With commercial beekeeping and perhaps the culture in general, thereís the willingness to solve every problem with drugs.  Now if you think about it, itís not that surprising, and I canít say I could really expect anything else.  Drugs work.  They produce a tangible and timely benefit. You have to realize, for commercial beekeepers, bees are money.  Bees are income.  If their bees die, they starve (a bit of hyperbole).  Well, you know what I mean.  If your bees die, itís like losing your job.  The only commercial beekeeper that has ever simply allowed bees to die of disease rather than treat them has been Dee Lusby and her late husband Ed.  During their transition to treatment free and small cell survivor bees, they went from a thousand hives to less than an hundred.  Very very few commercial beekeepers could survive that.  But they had low overheads, just like you do.

There have been some who have done it well, if not late.  What they did was set aside a portion of their bees to follow through the process of treatment-free acclimation and then use those surviving queens to breed in survivability.

So, given all these drags on the business of beekeeping, what can we as small queen producers, backyard beekeepers, and sideliners do to help?

Herein lies the overriding philosophy.

We want to work with the bees.  Letís not ask questions like ďhow can I get the bees to do such and such?Ē  The question is, ďwhat do the bees need to do what comes natural to them?Ē  What can I do so that both our goals can be met?

When we bring a give and take relationship to the table, the benefit goes to everyone.  Compromise is where everyone gives up something and everyone gets something.  Humans get pollination of crops and production of honey, bees get homes and the expansion of their species.


Finally comes the toughest part of my philosophy and I think part most people have the biggest problem with.

I let bees die.

Now let's not start making comparisons to sick pets or sick children or sick farm animals.  Bees are not pets or children or farm animals.  Despite common practice, you won't hear me referring to 'the girls.'  They're insects.  Properly keeping them involves properly understanding them.  In nature, the primary method for advancement of a species is natural selection.  This is something that is common in the cultural base of knowledge.  What seems to be forgotten however is the reciprocal concept which for the sake of argument I'll call 'deselection.'  We understand the process of natural selection selects the organisms most fit to survive to continue reproducing.  But the part everybody seems to forget is that the rest die.  99% of all the species that have ever existed in the history of the earth died and have gone extinct.  They couldn't cut it, they couldn't triumph over whatever adversity they were facing and they died.  Not only did they die, but every member of their species died.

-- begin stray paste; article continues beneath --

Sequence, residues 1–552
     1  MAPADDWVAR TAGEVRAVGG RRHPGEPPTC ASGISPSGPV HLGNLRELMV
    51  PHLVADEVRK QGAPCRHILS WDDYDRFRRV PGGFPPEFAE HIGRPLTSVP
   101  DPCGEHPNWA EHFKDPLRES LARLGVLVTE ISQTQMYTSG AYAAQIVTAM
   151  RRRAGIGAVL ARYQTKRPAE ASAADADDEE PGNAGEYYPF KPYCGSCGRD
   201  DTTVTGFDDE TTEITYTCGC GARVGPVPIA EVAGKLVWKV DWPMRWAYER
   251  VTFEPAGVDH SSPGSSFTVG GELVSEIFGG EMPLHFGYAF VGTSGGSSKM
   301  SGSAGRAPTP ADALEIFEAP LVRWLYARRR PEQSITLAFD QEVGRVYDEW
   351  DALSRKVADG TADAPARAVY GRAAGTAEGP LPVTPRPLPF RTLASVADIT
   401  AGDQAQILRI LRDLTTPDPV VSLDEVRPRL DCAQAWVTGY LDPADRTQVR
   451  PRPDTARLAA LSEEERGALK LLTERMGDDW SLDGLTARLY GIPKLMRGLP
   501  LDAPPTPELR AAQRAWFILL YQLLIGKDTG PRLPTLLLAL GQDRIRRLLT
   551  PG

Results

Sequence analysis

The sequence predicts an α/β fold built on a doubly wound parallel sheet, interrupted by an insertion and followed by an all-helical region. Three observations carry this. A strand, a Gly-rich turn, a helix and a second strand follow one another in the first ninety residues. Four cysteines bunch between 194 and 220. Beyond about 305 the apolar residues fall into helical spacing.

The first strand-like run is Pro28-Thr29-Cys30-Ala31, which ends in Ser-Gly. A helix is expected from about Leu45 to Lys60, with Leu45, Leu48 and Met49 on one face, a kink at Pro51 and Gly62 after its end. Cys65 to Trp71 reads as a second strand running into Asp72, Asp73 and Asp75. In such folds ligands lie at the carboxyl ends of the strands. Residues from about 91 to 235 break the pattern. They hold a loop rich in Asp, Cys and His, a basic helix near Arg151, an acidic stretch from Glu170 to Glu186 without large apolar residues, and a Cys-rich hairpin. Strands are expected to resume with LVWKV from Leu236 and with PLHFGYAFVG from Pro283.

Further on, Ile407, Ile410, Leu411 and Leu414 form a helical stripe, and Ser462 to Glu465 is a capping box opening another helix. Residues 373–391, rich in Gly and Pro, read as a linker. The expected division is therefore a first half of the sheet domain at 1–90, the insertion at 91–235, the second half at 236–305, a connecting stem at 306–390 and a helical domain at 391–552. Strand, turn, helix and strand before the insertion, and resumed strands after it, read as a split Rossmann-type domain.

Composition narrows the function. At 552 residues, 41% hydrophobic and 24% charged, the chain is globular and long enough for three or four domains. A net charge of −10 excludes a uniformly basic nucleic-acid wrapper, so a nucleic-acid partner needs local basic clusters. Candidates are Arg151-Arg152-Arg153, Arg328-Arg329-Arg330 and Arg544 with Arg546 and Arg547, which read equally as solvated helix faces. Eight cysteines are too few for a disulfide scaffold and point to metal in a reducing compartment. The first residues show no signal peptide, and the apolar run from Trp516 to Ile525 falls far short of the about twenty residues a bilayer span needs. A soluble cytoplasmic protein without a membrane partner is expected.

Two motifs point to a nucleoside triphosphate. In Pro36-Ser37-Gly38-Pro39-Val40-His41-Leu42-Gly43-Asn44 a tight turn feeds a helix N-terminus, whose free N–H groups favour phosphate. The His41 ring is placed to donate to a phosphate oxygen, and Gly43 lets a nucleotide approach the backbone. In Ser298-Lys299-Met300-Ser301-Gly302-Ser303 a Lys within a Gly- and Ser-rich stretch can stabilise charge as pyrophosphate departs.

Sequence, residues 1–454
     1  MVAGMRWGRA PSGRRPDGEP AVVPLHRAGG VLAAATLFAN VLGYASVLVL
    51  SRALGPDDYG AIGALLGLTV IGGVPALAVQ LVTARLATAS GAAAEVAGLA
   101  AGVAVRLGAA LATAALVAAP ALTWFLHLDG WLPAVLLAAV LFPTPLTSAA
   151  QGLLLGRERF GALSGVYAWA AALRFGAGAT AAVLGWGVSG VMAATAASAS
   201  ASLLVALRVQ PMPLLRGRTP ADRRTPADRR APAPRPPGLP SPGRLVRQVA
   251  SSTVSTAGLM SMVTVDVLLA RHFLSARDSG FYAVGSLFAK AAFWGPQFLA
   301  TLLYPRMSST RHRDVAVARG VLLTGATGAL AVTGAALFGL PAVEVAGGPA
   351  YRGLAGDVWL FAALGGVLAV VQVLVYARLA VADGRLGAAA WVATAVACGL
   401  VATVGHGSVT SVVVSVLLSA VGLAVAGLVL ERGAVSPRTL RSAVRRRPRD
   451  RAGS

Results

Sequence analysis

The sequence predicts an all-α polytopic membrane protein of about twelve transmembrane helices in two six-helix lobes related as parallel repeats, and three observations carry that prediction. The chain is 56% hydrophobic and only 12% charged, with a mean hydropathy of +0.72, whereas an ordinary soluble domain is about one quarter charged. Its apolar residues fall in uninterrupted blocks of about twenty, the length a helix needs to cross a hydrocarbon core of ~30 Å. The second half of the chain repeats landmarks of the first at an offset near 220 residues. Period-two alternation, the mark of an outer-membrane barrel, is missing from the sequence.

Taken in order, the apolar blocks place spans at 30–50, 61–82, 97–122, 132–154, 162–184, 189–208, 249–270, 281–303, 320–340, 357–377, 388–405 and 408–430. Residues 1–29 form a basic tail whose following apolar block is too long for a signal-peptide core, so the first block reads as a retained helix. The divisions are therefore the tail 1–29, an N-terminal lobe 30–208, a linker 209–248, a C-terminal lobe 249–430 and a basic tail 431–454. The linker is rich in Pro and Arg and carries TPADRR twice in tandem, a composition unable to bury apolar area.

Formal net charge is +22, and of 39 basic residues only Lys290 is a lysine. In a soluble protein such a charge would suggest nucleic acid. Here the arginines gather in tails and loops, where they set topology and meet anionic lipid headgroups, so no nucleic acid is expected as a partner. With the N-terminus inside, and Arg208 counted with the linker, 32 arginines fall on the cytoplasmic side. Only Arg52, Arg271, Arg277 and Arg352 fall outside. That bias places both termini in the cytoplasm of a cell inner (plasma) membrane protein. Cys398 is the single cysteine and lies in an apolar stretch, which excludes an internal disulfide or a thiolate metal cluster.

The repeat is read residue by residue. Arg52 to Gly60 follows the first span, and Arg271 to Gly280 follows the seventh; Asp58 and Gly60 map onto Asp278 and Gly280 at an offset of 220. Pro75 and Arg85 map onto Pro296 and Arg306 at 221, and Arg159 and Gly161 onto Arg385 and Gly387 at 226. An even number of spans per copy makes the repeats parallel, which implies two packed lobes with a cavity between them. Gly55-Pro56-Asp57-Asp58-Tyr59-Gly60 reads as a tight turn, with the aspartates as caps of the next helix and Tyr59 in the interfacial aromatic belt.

In beekeeping, when you artificially prop up the bees, allowing them to survive as a species without doing the hard work overcoming obstacles and adversity, you get a weak species, one which cannot survive without human intervention.  Furthermore, in the case of the diseases you're fighting for the bees, you're getting stronger organisms.  You're creating extra additional adversity that they have to overcome, and when they do, they are stronger than they would have been had the bees dealt with then naturally.  By interfering with the natural process, you're creating wimpy bees and super mites.

That's unacceptable.

But it's the status quo.

So not only do I not treat, I don't even do the other things to help the bees along.  I don't use screened bottom boards to let mites fall out of the hive.  I don't kill drone brood to interrupt the mites' reproduction cycle.  I don't interrupt the bees brood cycle to interfere with the mites' reproduction.  I don't do any of the things that are done to help the bees deal with mites or any other disease.

And when a hive shows that they are having problems, I let them either deal with it themselves, or the disease will deal with them.

The funny thing is, that's how nature works and it not only breeds stronger bees, but in a small way, it breeds weaker disease (mostly mites in our case).  A disease which drives its host extinct is a poor survivor itself.  If the host dies, the disease dies.  A proper parasitic relationship is one in which the parasite is only a very minor inconvenience or goes unnoticed by the host.  Not interfering and allowing the host and pest to come into balance is the only sustainable and workable option for both.

That's not to say that given the opportunity you shouldn't requeen very poor performers and avoid losing the hive altogether.  But I like to give them the opportunity to die on their own.  Oftentimes, the bees may supersede the queen and the replacement is often better than the original.  You need to make your own decisions as to how you'll proceed.

Another aspect I'm adding to this lately is not feeding.  The winter of 2013-4, I did not feed any hive until February 1 at which point I fed a single hive which was was very nearly starved and which I wanted to keep because it was on medium frames, a part of my operation I am trying to expand.  By that time, at least four of 25 hives had died of starvation.  Feeding can be thought of as treating for starvation, so I have decided to avoid it except in very special circumstances.